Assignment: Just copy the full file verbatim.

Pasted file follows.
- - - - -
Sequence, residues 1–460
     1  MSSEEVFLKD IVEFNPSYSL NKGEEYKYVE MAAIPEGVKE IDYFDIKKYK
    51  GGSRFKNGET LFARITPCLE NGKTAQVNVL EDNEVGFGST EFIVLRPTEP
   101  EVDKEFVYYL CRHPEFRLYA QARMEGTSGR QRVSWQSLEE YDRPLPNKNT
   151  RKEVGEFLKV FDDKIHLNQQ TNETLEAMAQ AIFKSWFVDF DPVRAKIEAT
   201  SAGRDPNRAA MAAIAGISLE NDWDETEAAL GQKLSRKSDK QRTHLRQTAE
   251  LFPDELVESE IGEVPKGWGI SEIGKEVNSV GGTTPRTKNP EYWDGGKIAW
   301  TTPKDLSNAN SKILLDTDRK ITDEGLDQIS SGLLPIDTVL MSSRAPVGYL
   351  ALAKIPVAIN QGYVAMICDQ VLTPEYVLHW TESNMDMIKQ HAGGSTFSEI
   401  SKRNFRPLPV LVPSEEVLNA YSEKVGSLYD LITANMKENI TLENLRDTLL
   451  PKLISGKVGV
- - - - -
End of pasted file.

Sequence, residues 1–460
     1  MSSEEVFLKD IVEFNPSYSL NKGEEYKYVE MAAIPEGVKE IDYFDIKKYK
    51  GGSRFKNGET LFARITPCLE NGKTAQVNVL EDNEVGFGST EFIVLRPTEP
   101  EVDKEFVYYL CRHPEFRLYA QARMEGTSGR QRVSWQSLEE YDRPLPNKNT
   151  RKEVGEFLKV FDDKIHLNQQ TNETLEAMAQ AIFKSWFVDF DPVRAKIEAT
   201  SAGRDPNRAA MAAIAGISLE NDWDETEAAL GQKLSRKSDK QRTHLRQTAE
   251  LFPDELVESE IGEVPKGWGI SEIGKEVNSV GGTTPRTKNP EYWDGGKIAW
   301  TTPKDLSNAN SKILLDTDRK ITDEGLDQIS SGLLPIDTVL MSSRAPVGYL
   351  ALAKIPVAIN QGYVAMICDQ VLTPEYVLHW TESNMDMIKQ HAGGSTFSEI
   401  SKRNFRPLPV LVPSEEVLNA YSEKVGSLYD LITANMKENI TLENLRDTLL
   451  PKLISGKVGV